Dual citizenship has a nice ring to it. It has an air of globalism and a feeling of freedom.
Although that’s what dual citizenship sounds like on the surface, it’s important to examine the inner workings of such a significant change in citizenship status.
We’ll spoil the surprise: barring a few potential drawbacks, dual citizenship should be seen as a benefit for nearly all eligible people. You simply need to be equipped with the right perspective and knowledge before embarking on the journey.
Here’s a brief overview of the advantages and disadvantages of being a dual citizen:
The Potential for Double Taxation
We’ll start with the perceived disadvantages, because they’re far fewer in number than their more positive counterparts.
As a dual citizen, “double taxation” is the only major drawback you’ll have to navigate. As the name implies, double taxation incurs annual tax payments from both your homeland and the new country in which you’ve gained citizenship.
This can get expensive, especially if you’re drawing an income from only one country but paying taxes in two separate nations.
In the United States, the Internal Revenue Service (IRS)—America’s bureau of taxation—asks U.S. citizens to report all of their global income regardless of the country in which the money was made. If you have international business interests or real estate, for example, you’ll need to declare all of that income when you file your annual tax returns.
Conversely, if you are a U.S. citizen seeking dual citizenship abroad and subsequently move to a new country, the IRS will continue to expect a full report of your annual income. This is one of the major reasons why wealthy U.S. expats renounce citizenship when moving overseas.
Here’s the good news: outside of your duty to accurately report your income, the likelihood that you actually get hit with double taxation is extremely unlikely.
Many nations hold and honor treaties specifically to protect their citizens from double taxation.
If you’re planning on moving to the United States and would like to review American tax treaties with other nations, click here to view the IRS’ alphabetical listing of international accords.
Don’t let the threat of double taxation derail your dreams of dual citizenship. Protect yourself at all points by working with a financial professional to ensure you’re maximizing your money within the boundaries of international law.
The Financial Benefits of Dual Citizenship
Holding two passports and the ability to call two places “home” isn’t the only perk for dual citizens. There are also a handful of tangible financial benefits that include:
- Long-Term Cost Savings: Green cards can cost thousands of dollars. Between application fees and renewal costs, the U.S. Citizenship and Immigration Services (USCIS) can burden your cash flow. By becoming a dual citizen, however, you bypass these nagging costs entirely. This can be especially fruitful if you have children, who will automatically become citizens (at no additional cost) upon your naturalization in America.
- Educational Savings: As American colleges and universities grow increasingly expensive, the value of scholarships has become paramount. As a dual citizen, you and your family will have far more access to domestic financial aid resources, grants, and scholarships. You’ll also have a wider array of schools to choose from. So if you’d rather send your children to college in your home country, you’ll be able to make that happen.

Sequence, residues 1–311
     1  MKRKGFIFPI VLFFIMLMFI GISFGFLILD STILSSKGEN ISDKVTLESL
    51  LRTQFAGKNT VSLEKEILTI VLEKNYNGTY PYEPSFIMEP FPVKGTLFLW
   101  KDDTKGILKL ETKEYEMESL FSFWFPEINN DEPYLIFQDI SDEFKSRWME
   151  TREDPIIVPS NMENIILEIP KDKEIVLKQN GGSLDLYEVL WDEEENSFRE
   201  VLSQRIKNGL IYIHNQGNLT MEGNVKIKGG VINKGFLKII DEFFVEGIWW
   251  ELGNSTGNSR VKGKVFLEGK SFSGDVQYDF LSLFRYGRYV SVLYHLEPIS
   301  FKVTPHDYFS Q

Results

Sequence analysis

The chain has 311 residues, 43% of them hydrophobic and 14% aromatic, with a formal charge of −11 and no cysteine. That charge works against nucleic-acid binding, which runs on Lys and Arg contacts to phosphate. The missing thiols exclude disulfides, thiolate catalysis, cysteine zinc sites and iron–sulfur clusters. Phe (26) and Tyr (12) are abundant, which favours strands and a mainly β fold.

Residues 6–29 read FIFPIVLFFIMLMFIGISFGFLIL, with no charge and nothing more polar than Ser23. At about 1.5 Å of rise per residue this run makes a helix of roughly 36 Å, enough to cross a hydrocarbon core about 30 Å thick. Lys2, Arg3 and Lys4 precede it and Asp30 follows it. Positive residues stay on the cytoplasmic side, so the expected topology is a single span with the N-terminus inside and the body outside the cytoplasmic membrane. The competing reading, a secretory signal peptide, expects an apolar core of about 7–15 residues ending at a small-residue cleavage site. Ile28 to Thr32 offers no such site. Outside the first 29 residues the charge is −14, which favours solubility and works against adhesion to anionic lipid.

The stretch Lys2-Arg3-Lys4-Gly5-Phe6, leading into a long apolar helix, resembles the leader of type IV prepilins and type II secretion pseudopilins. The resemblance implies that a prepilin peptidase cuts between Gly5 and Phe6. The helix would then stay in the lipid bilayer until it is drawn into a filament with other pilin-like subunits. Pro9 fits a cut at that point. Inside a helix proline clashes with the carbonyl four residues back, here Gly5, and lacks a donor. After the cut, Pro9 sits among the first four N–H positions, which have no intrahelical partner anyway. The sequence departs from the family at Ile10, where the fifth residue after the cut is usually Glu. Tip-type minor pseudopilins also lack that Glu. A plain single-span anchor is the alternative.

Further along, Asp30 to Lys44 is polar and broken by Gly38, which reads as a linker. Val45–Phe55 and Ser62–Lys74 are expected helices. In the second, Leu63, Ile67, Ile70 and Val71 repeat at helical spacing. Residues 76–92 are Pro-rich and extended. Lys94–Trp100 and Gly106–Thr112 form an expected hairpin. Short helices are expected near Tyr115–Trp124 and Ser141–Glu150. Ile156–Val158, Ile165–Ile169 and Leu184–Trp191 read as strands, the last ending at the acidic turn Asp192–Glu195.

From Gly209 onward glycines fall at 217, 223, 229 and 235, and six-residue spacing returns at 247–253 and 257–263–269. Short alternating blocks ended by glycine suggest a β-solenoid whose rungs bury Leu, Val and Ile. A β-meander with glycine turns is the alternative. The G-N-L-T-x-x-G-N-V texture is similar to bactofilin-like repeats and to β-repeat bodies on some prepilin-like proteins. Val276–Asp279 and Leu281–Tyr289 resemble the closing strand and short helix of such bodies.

- Expanded Business Opportunities: Dual citizens can overcome competitive job markets by accessing business opportunities on an international scale. This is especially true for people interested in starting careers in government employment. In the United States, for example, only citizens can apply for government jobs. In addition to working for state and federal institutions, dual citizens will obtain much broader access to jobs within the private sector at large.
- Opportunity for International Property Ownership: The global real estate market is expanding at a rapid pace. In fact, experts predict a nearly $400 billion growth trajectory by 2030. Dual citizens can access this burgeoning market by owning properties in multiple countries. Beyond the obvious convenience of having more than one residence to visit, these properties can also become a source of passive income through renting on a short and long-term basis.
Becoming a dual citizen broadens one’s horizon for financial opportunity at all stages of life.
In addition, while first-generation immigrants certainly benefit from dual citizenship, their children will reap even greater rewards as they reach adulthood.
Dual citizens make global cultures more dynamic. In America, immigrants have built, enhanced, and renewed the centuries-long tapestry of art, entrepreneurship, and history.
Wherever you choose to live, uLink will be here to help you support your loved ones.
With uLink, you can skip the long wait times and hidden fees and send money home fast. Thanks to our global network, you can send money to over 143,000 locations in 51 countries. And with our great exchange rates and fees starting as low as $0, you can send more money home than ever before.
uLink also helps you pay your family’s bills. With a small fee of $2.99, you can take care of your loved ones’ electricity, water, gas, internet, and phone bills within two business days. Click here to learn more!
Plus, after your 1st, 2nd, and 5th transactions, we’ll send you a $10 gift card to use at your favorite retailers. That’s $30 in gift cards after your first five transactions with uLink.
Miles from home—just moments away with uLink.